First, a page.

is most stable, and most fruitful.
Sew things' are as vital to society.
*Thwicimust 1:e asubordination
between the individul and th esu-
preme, common, will. However,
family loyalty is not an end in it-
sele. There must be an organic
unity, the authority of the old, on
the one hand, and the obedience of
the young on the other, each doing
its part for the well* being of the
whole. There must be the old work-
ing for the benefit of the children,
and the children guided by the wis-
dom and steadiness of the elder.

Reports from hotels, restaurants,
police blotters and private citizens
reached proportions that public
opinion in the twin cities of Lan-
sing and East Lansing demanding
that Detroit be forever written off
the Michigan State athletic pro-
gram. Luncheon'- clubs planned a{
general protest to Michigan State
off icials.
President Robert S. Shaw of
Michigan State withheld any pub,
lie statement until he has com-
pletely checked report of violence
by Detroit students. Secretary H.
H. Hallarday openly favored cancel-
lation of the Detroit game. Ralph
H. Young, director of athletics, was
out of the city. Coach James H.
Crowley, before learning of rioting,
declared he favored gridiron rela-I
tionships on the sole merits of the

305 Maynard St. Opposite

General Battle Ensues. I by State students later.
The aftermarth of the final foot- Private warfare broke out with
ball game of the season extended Coach Glen Carberry of State an
from a general battle between stu- active participant at one time. A
dents of each institution over goal Detroit student, attempting to take
posts and pennants to all-night down the pennants at the top of
scenes of disorder. The Detroit stu- the State side of the stadium, was
dents today were facing trial in bowled over by a short couse stu-
Lansing on charges ranging from dent. The visitoil had previously
possession of liquor to drunk driv- taken those on their side of the
ing and disorderly conduct. bowl.
Twelve others were dismissed i Students swarmed into police
from the East Lansing jail Satur- ( headquarters all night. A practi-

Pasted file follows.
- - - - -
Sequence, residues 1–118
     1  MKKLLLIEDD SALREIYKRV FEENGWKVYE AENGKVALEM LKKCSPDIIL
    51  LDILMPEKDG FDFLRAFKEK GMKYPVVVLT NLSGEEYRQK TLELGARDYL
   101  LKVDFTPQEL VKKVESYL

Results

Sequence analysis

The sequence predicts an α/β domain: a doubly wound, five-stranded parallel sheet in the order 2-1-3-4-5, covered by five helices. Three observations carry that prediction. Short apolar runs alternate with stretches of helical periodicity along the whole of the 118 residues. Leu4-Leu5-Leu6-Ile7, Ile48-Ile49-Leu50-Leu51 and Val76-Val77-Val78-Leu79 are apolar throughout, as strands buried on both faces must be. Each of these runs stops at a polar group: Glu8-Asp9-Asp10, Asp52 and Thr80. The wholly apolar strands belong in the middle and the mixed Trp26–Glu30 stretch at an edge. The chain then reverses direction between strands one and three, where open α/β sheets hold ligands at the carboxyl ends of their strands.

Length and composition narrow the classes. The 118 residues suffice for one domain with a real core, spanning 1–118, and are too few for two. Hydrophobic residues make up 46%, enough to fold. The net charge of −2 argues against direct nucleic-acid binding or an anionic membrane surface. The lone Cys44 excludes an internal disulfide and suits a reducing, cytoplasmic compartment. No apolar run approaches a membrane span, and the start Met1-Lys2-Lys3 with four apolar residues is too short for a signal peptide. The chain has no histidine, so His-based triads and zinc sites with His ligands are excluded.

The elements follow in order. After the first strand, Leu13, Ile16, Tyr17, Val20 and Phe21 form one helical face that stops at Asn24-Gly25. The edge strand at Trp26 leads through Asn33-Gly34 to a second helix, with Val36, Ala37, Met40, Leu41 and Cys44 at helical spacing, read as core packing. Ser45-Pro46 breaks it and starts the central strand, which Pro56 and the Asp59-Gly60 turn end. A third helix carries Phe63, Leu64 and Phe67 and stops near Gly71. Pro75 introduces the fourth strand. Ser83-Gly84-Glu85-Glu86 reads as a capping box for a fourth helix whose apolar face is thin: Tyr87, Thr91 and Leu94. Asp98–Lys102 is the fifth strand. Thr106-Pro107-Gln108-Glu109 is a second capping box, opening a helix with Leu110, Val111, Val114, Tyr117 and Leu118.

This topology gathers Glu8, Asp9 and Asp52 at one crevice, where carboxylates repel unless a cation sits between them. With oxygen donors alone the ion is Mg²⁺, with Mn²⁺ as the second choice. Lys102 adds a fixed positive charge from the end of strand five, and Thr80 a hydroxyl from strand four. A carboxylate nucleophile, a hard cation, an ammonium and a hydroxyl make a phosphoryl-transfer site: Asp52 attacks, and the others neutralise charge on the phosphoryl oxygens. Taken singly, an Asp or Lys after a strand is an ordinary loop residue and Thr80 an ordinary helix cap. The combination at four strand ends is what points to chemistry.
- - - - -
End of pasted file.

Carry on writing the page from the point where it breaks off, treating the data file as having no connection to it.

day after paying fines ranging from I cay joke by Detroit students at one
$15 to $30 and costs on similar hotel was setting paper on fire and
charges. Only the patience of the r throwing it to the streets. A fellow




'9 1T9





..and you rrtbeathlete to get it!



a ,

$25.00 f or any
lost Key I can't

Is the same low rate as
work brought to my Repair
Shop.. Open 7 A. M. to 9
P. M.

HE persistent ringworm parasite that
causes "Athlete's Foot" thrives wherever
many people walk barefooted, it harks on
the wet edges of swimming pools and in
showers, it abounds in the gym.
It may attack your toes-for surveys shtow
that in some colleges more tlaii 50% of the
students have it!
Watch for a slight reddening of the skin
between the smaller toes-a cracking in the
toepits-a dead,white moistness-'- hesearethe
danger signs that may lead to torment later on.

after every exposure to publicly used floors..
It kills the "Athlete's Foot"parasite and pre-
rents its spread.
Keep a bottle of Absorbine Jr. in your
locker-another in your room and .at the
fir;t sign of itching or irritation use it.
And, of course, you know that for years
thousands have found Absorbine Jr. un-
equalled for sore muscles, aches and
sprains, bruises, burns, cuts and
abrasions. Always have a bottle
handy. Of course you do! -


'25.00 REWA RD
For any article worth repairing that I can't repair and make as strong
or stronger than new.
Free repair for any item that I can't name its occupation.
I want the re'air work that others turn down. One trial will win

%Yf. " iii
hiL IV

oIrt..*- !. A. - 0 ".-A - - . - --- , I.- - -1. - !